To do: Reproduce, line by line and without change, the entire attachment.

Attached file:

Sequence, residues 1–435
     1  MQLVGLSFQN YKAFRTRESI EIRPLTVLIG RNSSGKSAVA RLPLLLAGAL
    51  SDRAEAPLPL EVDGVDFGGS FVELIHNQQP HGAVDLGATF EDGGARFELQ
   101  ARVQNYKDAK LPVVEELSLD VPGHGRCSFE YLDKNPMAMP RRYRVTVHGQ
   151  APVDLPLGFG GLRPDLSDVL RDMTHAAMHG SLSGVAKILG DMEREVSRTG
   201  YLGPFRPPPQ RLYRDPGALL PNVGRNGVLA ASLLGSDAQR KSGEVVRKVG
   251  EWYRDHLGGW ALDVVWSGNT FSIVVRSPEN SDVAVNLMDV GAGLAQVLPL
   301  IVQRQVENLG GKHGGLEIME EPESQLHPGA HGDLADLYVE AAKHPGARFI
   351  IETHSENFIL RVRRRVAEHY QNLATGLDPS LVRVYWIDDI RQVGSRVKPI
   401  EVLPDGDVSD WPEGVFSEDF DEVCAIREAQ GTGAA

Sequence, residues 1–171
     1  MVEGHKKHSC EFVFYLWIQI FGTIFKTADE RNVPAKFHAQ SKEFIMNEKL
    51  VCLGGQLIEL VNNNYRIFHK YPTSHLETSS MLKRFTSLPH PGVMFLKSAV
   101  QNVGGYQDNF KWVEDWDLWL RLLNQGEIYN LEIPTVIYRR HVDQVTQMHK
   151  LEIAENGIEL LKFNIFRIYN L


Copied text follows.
Sequence, residues 1–435
     1  MQLVGLSFQN YKAFRTRESI EIRPLTVLIG RNSSGKSAVA RLPLLLAGAL
    51  SDRAEAPLPL EVDGVDFGGS FVELIHNQQP HGAVDLGATF EDGGARFELQ
   101  ARVQNYKDAK LPVVEELSLD VPGHGRCSFE YLDKNPMAMP RRYRVTVHGQ
   151  APVDLPLGFG GLRPDLSDVL RDMTHAAMHG SLSGVAKILG DMEREVSRTG
   201  YLGPFRPPPQ RLYRDPGALL PNVGRNGVLA ASLLGSDAQR KSGEVVRKVG
   251  EWYRDHLGGW ALDVVWSGNT FSIVVRSPEN SDVAVNLMDV GAGLAQVLPL
   301  IVQRQVENLG GKHGGLEIME EPESQLHPGA HGDLADLYVE AAKHPGARFI
   351  IETHSENFIL RVRRRVAEHY QNLATGLDPS LVRVYWIDDI RQVGSRVKPI
   401  EVLPDGDVSD WPEGVFSEDF DEVCAIREAQ GTGAA

Sequence, residues 1–171
     1  MVEGHKKHSC EFVFYLWIQI FGTIFKTADE RNVPAKFHAQ SKEFIMNEKL
    51  VCLGGQLIEL VNNNYRIFHK YPTSHLETSS MLKRFTSLPH PGVMFLKSAV
   101  QNVGGYQDNF KWVEDWDLWL RLLNQGEIYN LEIPTVIYRR HVDQVTQMHK
   151  LEIAENGIEL LKFNIFRIYN L